Hundreds of people gathered in London on Saturday to protest against the treatment of LGBT people in Russia.
It is believed to be the largest gay rights protest in the UK capital in recent years.
"Stephen Fry walked along the whole length of the protest like an ambassador, and everyone was cheering him," said an eyewitness.
The writer and broadcaster stopped by a group who were supporting LGBT rights in Uganda to talk to TV cameras.
Fry has called on athletes competing at the 2014 Winter Olympics in Russia to cross their arms across their chests at the Games to protest at the anti-gay laws.
The broadcaster accepted that it was unlikely that the Games would be boycotted or moved from Russia, but hoped athlete protests would show solidarity with campaigners and "take the sweetness of victory out of Putin's mouth", he told the BBC.
A Russian law, passed in June, prescribes heavy fines for anyone providing information about homosexuality to people under 18 - but Moscow denies it is discriminatory.
Demonstrators are calling for the government to put pressure on Russia to repeal the laws.
Critics of the anti-propaganda law have said it effectively disallows all gay rights rallies and could be used to prosecute anyone voicing support for homosexuals.
The law, as well as a ban on the adoption of children by same-sex couples, are part of a more conservative course taken by President Vladimir Putin on social issues since his return to the Kremlin in May 2012.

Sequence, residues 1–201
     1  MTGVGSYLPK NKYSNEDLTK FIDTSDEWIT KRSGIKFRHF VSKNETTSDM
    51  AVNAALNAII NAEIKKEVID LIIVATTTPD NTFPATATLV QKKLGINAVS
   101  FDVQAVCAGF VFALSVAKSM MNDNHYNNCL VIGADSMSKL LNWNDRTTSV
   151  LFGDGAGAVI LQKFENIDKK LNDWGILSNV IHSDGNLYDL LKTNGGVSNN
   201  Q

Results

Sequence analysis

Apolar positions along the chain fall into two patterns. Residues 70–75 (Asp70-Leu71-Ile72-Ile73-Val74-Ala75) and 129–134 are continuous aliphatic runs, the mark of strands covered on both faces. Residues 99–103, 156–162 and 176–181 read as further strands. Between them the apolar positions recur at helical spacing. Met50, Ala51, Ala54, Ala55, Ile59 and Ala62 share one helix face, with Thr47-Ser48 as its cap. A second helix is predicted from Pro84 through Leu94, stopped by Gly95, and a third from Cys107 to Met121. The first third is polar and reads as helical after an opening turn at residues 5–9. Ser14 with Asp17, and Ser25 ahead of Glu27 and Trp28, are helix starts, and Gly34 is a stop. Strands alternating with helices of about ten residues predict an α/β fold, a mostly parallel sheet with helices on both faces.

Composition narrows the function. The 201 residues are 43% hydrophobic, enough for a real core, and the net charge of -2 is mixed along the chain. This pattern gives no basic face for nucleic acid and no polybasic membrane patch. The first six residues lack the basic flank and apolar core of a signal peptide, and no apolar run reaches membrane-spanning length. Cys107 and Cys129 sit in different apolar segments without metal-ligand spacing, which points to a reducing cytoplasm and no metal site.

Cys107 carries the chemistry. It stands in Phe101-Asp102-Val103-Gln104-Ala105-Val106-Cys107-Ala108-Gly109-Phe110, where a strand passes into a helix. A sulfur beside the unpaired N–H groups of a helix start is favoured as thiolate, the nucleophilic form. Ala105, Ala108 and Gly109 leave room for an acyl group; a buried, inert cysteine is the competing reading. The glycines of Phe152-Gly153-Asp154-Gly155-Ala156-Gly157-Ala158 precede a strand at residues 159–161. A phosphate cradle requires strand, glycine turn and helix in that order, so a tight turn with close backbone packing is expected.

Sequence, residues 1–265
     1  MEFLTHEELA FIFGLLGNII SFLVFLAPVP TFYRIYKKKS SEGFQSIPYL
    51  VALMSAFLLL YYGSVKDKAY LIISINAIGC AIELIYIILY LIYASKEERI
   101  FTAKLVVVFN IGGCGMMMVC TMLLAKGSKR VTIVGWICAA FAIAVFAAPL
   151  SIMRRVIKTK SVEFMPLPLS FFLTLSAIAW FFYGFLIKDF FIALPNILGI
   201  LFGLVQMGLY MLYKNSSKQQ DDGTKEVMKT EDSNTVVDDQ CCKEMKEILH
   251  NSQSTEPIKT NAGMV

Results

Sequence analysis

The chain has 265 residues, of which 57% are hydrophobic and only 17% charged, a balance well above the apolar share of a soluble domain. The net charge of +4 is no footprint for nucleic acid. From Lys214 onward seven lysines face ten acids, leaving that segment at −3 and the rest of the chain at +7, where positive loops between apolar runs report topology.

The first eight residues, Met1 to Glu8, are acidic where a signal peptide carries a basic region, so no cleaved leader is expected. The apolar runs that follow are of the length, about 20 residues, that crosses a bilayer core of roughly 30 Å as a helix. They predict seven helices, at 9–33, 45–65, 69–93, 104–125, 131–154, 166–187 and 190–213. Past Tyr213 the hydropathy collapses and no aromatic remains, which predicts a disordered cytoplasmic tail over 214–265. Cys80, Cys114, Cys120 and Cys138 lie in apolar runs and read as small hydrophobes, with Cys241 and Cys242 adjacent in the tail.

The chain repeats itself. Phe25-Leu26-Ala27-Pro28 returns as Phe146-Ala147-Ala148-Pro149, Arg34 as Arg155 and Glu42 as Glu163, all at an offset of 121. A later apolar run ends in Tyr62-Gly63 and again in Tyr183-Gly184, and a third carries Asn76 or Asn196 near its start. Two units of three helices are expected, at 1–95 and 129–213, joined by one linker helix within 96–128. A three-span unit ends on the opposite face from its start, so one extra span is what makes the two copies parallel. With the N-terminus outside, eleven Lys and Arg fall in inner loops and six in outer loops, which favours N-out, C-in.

"Putin is the 'Czar of Homophobia'," veteran gay rights campaigner Peter Tatchell wrote on his website ahead of the protests.
"His regime has outlawed the public expression of LGBT (Lesbian, gay, bisexual and transsexual) identity and affection - and prohibited the advocacy of LGBT human rights - in circumstances where a person under 18 might see it."
Protesters wielded banners bearing slogans such as "We are not Putin up with homophobic Olympics" and blow-up dolls superimposed with President Putin's face.
There was one scuffle with police as some protesters ran out into the streets to stop cars. Police moved in quickly to disperse them. Overall, there was a very low-key police presence in what was largely a peaceful protest.
LGBT demonstrators called for a change in Russia's policy that has attracted criticism from world leaders including U.S. President Barack Obama.
Meanwhile, gay bars in London and across the UK have called for a show of solidarity against Russia's anti-gay laws by boycotting Russian vodka.